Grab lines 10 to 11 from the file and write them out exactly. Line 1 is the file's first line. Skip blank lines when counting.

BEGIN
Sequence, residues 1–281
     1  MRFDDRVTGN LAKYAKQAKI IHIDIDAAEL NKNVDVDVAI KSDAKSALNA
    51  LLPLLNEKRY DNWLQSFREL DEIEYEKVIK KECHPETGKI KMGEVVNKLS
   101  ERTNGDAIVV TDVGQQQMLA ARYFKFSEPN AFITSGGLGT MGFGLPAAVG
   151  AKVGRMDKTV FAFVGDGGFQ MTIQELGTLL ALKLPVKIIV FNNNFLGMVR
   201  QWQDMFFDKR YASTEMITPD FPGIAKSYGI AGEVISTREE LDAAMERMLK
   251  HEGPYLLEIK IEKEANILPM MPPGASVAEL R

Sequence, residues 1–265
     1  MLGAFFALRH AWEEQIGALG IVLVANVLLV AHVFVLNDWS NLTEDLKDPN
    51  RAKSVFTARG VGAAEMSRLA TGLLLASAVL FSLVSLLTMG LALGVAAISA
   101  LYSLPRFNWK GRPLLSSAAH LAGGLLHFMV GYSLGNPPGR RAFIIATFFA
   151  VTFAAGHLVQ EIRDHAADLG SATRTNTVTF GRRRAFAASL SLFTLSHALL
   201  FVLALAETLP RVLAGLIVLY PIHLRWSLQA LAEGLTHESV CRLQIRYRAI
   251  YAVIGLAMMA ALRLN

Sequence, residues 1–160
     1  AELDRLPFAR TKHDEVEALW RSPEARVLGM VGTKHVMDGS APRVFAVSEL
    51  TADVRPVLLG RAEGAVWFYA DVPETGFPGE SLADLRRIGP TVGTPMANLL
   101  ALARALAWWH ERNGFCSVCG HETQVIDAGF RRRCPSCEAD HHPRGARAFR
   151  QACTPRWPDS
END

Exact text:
    51  RAKSVFTARG VGAAEMSRLA TGLLLASAVL FSLVSLLTMG LALGVAAISA
   101  LYSLPRFNWK GRPLLSSAAH LAGGLLHFMV GYSLGNPPGR RAFIIATFFA